Billionaire liberal political activist George Soros has recently heightened his criticism of major tech companies such as Facebook and Google’s parent company Alphabet despite previously investing millions into them.
At the World Economic Forum in Davos last month, Soros said that he is considering measures to counter the influence of key tech companies. Soros called their behavior “monopolistic” and accused the companies of being “obstacles of innovation.”
“The rise and monopolistic behavior of the giant American Internet platform companies is contributing mightily to the U.S. government’s impotence,” Soros wrote in an op-ed. “These companies have often played an innovative and liberating role. But as Facebook and Google have grown ever more powerful, they have become obstacles to innovation, and have caused a variety of problems of which we are only now beginning to become aware.”
Soros, however, has deeply invested in Facebook and other projects associated with the company, and also holds thousands of shares of Alphabet. In 2012, he spent more than $10 million to acquire a stake in Facebook and was later a member of a group of 20 billionaires, including Facebook CEO Mark Zuckerberg, that invested in the Breakthrough Energy Coalition, which was established to support clean energy initiatives.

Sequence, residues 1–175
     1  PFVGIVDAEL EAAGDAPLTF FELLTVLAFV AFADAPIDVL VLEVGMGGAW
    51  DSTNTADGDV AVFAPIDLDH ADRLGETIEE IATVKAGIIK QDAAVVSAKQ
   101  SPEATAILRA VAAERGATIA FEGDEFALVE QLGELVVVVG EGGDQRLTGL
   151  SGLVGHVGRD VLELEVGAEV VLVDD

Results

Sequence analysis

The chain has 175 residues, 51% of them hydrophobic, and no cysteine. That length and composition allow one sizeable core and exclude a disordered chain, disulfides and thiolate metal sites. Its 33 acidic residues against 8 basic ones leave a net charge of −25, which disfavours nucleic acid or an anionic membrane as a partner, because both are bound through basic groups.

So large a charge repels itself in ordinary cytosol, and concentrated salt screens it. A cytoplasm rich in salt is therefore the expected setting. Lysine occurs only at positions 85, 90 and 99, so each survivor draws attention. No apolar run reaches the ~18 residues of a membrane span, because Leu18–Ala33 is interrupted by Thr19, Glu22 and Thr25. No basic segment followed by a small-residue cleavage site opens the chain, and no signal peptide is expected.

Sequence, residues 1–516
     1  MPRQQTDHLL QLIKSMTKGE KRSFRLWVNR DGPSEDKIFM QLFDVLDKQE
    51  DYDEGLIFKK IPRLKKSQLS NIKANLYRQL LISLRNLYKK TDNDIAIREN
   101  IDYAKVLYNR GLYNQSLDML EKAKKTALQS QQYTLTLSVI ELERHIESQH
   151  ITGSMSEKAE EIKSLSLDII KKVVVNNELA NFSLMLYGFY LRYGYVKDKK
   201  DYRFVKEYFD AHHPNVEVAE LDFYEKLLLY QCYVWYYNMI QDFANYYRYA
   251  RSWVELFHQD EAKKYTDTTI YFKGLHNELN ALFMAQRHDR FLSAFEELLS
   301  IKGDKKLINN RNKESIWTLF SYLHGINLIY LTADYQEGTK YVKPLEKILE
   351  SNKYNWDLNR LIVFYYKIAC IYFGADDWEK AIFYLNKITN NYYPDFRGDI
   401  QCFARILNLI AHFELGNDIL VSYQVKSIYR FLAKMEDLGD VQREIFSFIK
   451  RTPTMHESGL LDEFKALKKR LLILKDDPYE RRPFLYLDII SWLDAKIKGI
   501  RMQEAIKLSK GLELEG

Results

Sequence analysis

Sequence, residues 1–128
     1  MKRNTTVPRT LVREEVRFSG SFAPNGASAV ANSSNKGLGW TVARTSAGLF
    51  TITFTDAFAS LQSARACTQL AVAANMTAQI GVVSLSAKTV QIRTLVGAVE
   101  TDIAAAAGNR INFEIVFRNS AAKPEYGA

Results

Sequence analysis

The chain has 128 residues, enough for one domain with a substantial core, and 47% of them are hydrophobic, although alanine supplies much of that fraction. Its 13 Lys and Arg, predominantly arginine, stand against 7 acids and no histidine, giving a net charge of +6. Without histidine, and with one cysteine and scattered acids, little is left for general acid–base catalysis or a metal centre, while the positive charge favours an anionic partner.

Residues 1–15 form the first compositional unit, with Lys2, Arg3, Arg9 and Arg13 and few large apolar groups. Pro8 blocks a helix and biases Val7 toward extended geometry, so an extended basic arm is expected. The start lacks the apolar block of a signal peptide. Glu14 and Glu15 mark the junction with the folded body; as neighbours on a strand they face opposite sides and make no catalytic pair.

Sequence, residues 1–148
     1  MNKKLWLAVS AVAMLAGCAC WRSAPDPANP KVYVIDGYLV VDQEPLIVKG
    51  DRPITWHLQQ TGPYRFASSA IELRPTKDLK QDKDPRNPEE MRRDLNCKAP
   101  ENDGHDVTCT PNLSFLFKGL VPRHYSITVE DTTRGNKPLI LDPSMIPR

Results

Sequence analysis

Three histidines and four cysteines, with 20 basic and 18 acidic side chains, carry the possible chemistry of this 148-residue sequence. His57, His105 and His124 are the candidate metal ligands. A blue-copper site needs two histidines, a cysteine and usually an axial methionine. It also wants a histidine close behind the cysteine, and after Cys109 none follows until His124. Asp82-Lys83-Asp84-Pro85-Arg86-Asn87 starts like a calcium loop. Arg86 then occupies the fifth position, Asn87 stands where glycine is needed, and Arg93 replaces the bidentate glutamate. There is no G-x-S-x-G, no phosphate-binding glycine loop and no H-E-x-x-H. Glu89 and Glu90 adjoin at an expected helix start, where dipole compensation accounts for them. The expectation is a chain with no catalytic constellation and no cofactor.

In the fourth quarter of 2016, Soros purchased more than 350,000 shares in Facebook and increased his shares in Alphabet to 20,200, The Washington Free Beacon reported.
Soros joined other wealthy liberal donors in 2016 to fund the International Fact Checking Network, an organization tasked with flagging “fake news” stories on Facebook.
In 2017, Soros began reducing his investments in tech companies, selling his stakes in Apple and Snap, among others. At the end of last year, Soros had reportedly divested himself from Facebook.
According to Soros Fund Management’s most recent filings with the Securities and Exchange Commission, Soros continues to maintain thousands of shares in Alphabet, and has increased his number of shares from 3,000 to 4,600 since mid-November 2017.
Soros’s Open Society Foundations claims that it is “examining new ways to counter the influence of big tech” and has awarded a six-figure grant to the Open Markets Institute, a group that uses journalism to promote awareness of monopolization, for “work around web platforms.”